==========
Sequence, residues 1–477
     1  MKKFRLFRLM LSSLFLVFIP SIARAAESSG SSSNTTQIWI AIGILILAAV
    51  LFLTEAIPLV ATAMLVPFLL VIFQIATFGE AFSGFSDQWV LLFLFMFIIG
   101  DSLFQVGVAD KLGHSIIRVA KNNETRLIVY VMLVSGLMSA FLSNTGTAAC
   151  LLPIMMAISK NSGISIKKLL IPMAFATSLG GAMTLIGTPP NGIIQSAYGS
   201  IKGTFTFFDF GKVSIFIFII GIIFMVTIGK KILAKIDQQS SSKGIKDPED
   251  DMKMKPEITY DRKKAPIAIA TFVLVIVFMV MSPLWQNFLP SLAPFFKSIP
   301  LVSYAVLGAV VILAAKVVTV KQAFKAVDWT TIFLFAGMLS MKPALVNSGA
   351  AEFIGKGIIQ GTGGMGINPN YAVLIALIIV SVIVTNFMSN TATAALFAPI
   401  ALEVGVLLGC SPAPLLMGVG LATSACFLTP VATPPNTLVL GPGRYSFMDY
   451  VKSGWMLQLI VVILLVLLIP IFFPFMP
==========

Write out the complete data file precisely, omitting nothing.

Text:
Sequence, residues 1–477
     1  MKKFRLFRLM LSSLFLVFIP SIARAAESSG SSSNTTQIWI AIGILILAAV
    51  LFLTEAIPLV ATAMLVPFLL VIFQIATFGE AFSGFSDQWV LLFLFMFIIG
   101  DSLFQVGVAD KLGHSIIRVA KNNETRLIVY VMLVSGLMSA FLSNTGTAAC
   151  LLPIMMAISK NSGISIKKLL IPMAFATSLG GAMTLIGTPP NGIIQSAYGS
   201  IKGTFTFFDF GKVSIFIFII GIIFMVTIGK KILAKIDQQS SSKGIKDPED
   251  DMKMKPEITY DRKKAPIAIA TFVLVIVFMV MSPLWQNFLP SLAPFFKSIP
   301  LVSYAVLGAV VILAAKVVTV KQAFKAVDWT TIFLFAGMLS MKPALVNSGA
   351  AEFIGKGIIQ GTGGMGINPN YAVLIALIIV SVIVTNFMSN TATAALFAPI
   401  ALEVGVLLGC SPAPLLMGVG LATSACFLTP VATPPNTLVL GPGRYSFMDY
   451  VKSGWMLQLI VVILLVLLIP IFFPFMP